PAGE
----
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Kate Winslet to Go to Space After Saving Woman From Fire; Is Captain Marvel, I Guess?

Supergirly

For anyone who isn’t up on their superheroes at the moment, Captain Marvel is the current alias of Carol Danvers (yes, a Marvel superhero, not like that guy who shouts Shazam, and now also goes by the name Shazam), an Air Force pilot turned superhero with a love for high altitudes, space, and saving the day.

We didn’t immediately make the connection between Ms. Danvers and Kate Winslet when we heard that the latter was getting a free trip to space courtesy of uncle-in-law Sir Richard Branson, but then we dug into the details of the story and the details took a surprisingly heroic tint. The gift of the £124,000 ($200,000) ticket is partly a wedding present (Winslet married Branson’s nephew earlier this month), and partly a gift of thanks for… saving his ninety-year-old mother from a fire. Really.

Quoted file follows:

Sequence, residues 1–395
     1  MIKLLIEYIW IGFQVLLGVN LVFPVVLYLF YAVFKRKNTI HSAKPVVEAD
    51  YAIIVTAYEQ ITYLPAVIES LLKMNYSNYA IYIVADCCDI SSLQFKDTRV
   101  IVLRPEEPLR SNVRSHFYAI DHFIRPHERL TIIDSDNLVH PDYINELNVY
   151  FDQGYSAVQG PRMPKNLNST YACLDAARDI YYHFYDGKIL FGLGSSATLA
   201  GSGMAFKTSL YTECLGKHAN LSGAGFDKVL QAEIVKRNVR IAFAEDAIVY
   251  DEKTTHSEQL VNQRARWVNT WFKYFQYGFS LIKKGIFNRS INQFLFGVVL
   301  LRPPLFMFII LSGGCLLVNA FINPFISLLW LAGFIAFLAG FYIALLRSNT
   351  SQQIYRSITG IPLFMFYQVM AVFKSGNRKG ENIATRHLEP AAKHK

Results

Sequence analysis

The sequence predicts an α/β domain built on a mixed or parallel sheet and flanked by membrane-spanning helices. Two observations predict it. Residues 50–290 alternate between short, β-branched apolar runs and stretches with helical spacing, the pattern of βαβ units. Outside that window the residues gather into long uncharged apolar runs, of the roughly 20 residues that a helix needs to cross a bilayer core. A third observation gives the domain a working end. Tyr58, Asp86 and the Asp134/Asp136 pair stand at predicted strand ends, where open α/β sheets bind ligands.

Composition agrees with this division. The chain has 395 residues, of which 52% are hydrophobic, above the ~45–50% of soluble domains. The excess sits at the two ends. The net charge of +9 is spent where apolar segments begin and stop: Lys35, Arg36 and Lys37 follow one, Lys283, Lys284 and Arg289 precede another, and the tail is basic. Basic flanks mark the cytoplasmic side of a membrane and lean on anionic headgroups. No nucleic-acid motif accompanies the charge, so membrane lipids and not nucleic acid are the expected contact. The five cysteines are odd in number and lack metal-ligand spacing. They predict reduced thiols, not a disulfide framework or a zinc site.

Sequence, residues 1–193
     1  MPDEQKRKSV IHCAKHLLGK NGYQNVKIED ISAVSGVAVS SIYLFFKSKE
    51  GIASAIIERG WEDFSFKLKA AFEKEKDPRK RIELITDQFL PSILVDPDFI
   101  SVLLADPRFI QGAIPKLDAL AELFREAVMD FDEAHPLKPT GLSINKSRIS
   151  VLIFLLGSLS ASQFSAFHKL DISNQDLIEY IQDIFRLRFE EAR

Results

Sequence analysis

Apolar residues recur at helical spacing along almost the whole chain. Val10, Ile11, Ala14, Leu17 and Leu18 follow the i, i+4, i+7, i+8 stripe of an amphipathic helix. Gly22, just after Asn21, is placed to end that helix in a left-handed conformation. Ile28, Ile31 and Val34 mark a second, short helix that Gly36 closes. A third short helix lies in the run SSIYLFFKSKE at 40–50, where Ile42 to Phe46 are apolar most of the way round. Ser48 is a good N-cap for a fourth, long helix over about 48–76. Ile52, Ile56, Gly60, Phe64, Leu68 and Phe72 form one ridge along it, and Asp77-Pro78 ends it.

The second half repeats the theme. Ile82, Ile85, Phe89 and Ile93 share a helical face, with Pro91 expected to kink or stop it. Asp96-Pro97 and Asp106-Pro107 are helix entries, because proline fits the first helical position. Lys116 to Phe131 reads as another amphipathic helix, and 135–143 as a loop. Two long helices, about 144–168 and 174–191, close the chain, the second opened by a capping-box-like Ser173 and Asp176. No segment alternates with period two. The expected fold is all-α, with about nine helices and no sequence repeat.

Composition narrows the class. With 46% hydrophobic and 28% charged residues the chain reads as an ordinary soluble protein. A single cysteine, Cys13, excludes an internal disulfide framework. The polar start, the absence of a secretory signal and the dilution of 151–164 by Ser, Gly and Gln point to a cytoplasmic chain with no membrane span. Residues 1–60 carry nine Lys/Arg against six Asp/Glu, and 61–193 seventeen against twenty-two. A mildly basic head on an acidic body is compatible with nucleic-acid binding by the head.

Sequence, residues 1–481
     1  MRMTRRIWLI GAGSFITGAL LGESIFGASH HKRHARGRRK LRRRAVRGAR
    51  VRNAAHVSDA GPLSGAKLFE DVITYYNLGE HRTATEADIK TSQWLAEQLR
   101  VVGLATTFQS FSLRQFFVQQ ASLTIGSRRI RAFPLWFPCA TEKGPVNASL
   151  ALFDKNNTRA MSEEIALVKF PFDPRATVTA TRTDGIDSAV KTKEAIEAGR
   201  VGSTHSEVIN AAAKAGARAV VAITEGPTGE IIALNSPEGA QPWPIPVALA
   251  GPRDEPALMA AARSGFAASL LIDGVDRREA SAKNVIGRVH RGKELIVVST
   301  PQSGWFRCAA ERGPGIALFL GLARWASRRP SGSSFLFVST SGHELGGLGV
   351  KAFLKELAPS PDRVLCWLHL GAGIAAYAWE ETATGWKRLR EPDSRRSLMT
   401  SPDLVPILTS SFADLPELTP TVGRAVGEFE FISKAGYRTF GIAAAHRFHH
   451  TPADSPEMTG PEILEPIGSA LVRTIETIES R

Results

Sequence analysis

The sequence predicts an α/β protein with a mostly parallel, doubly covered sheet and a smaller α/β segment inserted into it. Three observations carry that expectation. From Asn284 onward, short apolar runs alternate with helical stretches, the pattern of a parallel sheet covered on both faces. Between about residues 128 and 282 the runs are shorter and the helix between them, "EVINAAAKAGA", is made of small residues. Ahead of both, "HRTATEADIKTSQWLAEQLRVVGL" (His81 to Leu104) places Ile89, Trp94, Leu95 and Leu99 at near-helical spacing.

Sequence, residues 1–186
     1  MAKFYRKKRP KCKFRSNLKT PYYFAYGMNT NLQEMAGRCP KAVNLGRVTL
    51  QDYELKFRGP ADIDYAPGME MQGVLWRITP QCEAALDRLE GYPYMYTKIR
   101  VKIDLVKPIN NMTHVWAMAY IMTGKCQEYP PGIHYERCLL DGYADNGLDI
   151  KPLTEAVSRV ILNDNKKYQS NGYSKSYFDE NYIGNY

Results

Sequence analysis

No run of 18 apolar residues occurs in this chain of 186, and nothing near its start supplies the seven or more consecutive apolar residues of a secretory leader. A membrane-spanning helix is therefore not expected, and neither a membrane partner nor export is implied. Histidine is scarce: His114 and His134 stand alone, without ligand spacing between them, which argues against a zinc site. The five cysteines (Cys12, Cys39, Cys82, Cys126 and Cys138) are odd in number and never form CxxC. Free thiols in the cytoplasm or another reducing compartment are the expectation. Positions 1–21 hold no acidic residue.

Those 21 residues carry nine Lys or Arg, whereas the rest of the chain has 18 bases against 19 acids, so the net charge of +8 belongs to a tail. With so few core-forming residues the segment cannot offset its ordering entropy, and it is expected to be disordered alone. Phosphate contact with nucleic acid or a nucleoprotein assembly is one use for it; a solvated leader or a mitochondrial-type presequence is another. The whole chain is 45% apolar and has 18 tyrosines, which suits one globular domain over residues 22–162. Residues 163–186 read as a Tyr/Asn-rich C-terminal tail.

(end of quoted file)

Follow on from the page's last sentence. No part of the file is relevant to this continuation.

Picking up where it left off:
We’re surprised that this is the first we’ve heard of Winslet’s derring-do, since it happend last August. When fire swept through Branson’s private island residence during a family visit, Winslet was the one to literally carry Branson’s grandmother out of the burning house. Said Branson at the time:

My mum is 90 and can walk, but it was more just to speed the process up than anything else. But anyway, she was great. She swept her up into her arms and got them out of the house as fast as possible.

Winslet’s ticket entitles her to a trip on Virgin Galactic’s spacecraft, a sub-orbital spacecraft that offers the experience of weightlessness and a view of the curvature of the earth from 60 miles above the surface. She joins the waiting list of passengers for the eight person craft alongside Tom Hanks, Stephen Hawking, Brad Pitt, and Angelina Jolie. With a price tag of around $200k, nobody but celebrities and the infamous rich are likely to be taking the trip anytime soon, but such is the prevailing theory behind offering space tourism for such prices: they reflect the difficulty of putting the trip together with existing technology. Profits are invested in research, and eventually the price will go down, while interest in the service remains high because of its association with celebrity. In the end, we get cheaper, more attainable space travel. At least, we can hope.

See you then, Space Cowboy.

(via The Telegraph.)

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